The International Monetary Fund should in the coming days finalize the basis for a staff level agreement with Argentina over a review of the country's $44 billion loan with the IMF, the Washington-based fund said on Sunday.
"The teams of the Economy Ministry and Central Bank of Argentina and the IMF staff have finished the core aspects of the technical work of the next review," the IMF said on Twitter.
"The central objectives and parameters that will be the basis for a 'staff level agreement' have been agreed, which is expected to be finalized in the next few days before moving towards the review of the Argentina program," it added.
The South American country is set to unveil tax and currency measures that will in effect devalue the peso as part of the deal, according to a government official, while also introducing a new preferential exchange rate for agricultural exports and levies on imports.
Corn exporters will be able to sell their goods abroad at 340 pesos per U.S. dollar, the official added, a temporary rate to bolster exports until Aug. 31. That is 27% weaker than the current rate of 268 pesos per dollar.
The government will also introduce 7.5% tax on some goods imports and a 25% levy on imports of most services, with new FX rates at around 288 and 335 pesos per dollar, respectively.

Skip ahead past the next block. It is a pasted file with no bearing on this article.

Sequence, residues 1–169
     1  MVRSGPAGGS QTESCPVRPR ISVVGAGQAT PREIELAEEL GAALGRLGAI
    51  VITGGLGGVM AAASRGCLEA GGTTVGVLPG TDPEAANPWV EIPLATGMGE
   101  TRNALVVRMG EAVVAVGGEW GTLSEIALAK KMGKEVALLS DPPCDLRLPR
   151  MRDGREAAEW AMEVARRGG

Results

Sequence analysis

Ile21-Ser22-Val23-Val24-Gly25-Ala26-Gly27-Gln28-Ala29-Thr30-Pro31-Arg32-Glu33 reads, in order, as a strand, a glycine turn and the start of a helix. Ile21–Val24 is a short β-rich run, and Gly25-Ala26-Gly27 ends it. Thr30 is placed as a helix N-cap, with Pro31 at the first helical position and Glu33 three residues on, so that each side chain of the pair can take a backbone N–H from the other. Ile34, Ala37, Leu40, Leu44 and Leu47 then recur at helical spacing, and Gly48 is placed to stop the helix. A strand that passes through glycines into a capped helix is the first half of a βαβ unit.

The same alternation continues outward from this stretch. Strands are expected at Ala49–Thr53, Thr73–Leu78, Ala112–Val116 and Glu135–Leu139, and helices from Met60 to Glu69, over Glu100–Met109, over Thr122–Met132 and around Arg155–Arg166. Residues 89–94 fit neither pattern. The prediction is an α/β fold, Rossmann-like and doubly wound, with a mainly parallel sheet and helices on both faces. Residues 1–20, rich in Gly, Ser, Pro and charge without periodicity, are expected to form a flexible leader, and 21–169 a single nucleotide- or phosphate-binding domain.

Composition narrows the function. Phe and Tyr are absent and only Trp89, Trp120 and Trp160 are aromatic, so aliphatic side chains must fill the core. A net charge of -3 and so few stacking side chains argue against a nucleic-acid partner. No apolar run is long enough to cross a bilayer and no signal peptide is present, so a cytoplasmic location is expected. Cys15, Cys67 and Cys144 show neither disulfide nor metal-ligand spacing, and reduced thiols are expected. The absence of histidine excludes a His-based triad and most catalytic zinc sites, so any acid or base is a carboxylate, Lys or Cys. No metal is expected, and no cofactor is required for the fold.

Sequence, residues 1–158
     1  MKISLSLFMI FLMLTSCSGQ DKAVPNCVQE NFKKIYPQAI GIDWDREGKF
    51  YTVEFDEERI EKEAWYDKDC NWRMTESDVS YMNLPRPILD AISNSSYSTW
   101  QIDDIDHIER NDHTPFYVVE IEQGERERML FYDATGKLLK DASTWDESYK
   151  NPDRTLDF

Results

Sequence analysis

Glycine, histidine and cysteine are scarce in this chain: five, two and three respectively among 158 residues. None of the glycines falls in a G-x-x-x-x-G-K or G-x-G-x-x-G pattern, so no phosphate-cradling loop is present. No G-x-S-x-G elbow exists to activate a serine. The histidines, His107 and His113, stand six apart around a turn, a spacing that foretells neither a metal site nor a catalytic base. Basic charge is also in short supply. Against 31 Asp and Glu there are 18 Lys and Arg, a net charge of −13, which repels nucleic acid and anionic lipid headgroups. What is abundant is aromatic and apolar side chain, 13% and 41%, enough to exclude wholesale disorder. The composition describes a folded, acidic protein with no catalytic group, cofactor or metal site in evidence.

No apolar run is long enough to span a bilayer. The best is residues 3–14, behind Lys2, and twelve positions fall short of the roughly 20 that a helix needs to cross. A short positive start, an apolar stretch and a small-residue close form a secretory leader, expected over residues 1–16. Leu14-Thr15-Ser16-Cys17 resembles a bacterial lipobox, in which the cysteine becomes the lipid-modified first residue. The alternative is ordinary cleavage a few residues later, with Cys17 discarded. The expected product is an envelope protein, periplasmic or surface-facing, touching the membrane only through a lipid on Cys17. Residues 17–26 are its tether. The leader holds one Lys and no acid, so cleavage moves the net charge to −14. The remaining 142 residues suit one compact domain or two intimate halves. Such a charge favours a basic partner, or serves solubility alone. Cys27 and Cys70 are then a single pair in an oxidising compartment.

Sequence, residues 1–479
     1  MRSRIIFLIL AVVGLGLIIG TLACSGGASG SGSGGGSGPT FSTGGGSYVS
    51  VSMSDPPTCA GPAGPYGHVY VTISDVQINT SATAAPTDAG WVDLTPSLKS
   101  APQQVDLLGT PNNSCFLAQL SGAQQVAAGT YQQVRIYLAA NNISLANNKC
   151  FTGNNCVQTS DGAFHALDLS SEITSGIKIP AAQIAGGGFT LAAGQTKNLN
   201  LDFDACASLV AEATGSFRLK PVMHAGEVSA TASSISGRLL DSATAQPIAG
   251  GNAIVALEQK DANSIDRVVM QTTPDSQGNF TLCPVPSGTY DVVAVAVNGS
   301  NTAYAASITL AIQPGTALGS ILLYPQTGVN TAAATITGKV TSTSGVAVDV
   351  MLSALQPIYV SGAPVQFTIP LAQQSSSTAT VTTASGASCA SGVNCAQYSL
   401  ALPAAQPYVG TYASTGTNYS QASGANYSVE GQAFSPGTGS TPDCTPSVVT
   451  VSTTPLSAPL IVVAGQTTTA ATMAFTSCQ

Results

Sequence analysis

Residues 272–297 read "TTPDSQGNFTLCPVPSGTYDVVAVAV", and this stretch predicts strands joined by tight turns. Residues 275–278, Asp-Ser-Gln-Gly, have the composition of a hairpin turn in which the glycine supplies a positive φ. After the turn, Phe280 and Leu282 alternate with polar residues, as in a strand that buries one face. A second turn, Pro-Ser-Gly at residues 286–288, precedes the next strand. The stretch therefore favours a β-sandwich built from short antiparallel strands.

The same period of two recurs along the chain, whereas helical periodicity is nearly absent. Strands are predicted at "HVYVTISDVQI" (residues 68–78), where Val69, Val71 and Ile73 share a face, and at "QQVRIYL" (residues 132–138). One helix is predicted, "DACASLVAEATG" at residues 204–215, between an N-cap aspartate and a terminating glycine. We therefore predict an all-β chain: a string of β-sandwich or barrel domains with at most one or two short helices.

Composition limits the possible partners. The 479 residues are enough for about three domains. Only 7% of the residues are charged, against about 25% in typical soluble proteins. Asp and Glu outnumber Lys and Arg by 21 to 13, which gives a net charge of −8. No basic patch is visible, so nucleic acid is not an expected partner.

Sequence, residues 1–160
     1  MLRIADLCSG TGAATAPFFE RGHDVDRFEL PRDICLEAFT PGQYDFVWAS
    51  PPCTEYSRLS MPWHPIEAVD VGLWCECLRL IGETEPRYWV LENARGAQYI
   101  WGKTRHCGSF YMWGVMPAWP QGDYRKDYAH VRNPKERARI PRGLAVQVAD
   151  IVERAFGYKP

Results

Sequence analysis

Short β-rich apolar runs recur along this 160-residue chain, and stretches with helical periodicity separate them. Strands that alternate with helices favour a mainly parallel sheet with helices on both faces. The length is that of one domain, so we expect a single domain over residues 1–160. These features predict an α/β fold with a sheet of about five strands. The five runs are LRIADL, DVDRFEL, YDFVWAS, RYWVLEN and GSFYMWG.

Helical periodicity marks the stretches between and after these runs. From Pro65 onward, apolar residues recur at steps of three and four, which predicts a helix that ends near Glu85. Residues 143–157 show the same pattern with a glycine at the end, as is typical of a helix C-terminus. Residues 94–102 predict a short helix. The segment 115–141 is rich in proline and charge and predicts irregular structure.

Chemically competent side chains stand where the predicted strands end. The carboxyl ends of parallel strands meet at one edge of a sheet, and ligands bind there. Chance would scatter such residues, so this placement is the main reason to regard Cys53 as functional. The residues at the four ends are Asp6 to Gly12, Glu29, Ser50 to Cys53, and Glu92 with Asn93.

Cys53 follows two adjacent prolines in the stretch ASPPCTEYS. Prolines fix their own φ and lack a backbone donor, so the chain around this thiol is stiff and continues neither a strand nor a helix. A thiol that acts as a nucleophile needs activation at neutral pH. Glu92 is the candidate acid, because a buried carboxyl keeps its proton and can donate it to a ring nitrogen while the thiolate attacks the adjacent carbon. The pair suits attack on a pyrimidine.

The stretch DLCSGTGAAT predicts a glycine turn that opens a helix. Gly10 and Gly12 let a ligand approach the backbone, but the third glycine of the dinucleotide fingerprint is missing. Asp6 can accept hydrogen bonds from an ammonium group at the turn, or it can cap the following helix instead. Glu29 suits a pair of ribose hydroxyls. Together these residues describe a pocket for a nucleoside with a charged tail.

Argentina faces maturities with the IMF worth some $3.4 billion between July and August, at a time when the central bank's net reserves are about $6.5 billion in the red.
Buenos Aires is hoping to alter the economic goals it had agreed with the fund and bring forward some IMF disbursements scheduled for this year as it battles a severe financial crisis which a lack of reserves could exacerbate.
An economy ministry source told Reuters the disbursement program for the second half of 2023 has been agreed and that the staff level agreement could be sealed on Wednesday or Thursday.
Economy Minister Sergio Massa said on Sunday that there is a "big package of disbursements" in August and November under the IMF program, without providing any further details during an interview on the C5N TV network.
Under the current program, the country is expected to get $4 billion in July, over $3.3 billion in September and another $3.3 billion in December. These disbursements are mainly used to repay a failed 2018 bailout.
Argentina, which is also struggling with high inflation and a significant fiscal deficit, has suffered a considerable hit to its foreign currency income due to a severe drought which crimped its principal source of exports, agriculture.
The IMF said the agreement seeks to consolidate "fiscal order and strengthen reserves," acknowledging the impact of the drought, as well as the damage to exports and tax revenues.
(Reporting by Hernan Nessi and Jorgelina do Rosario, Editing by Nick Zieminski, Kim Coghill and Jacqueline Wong)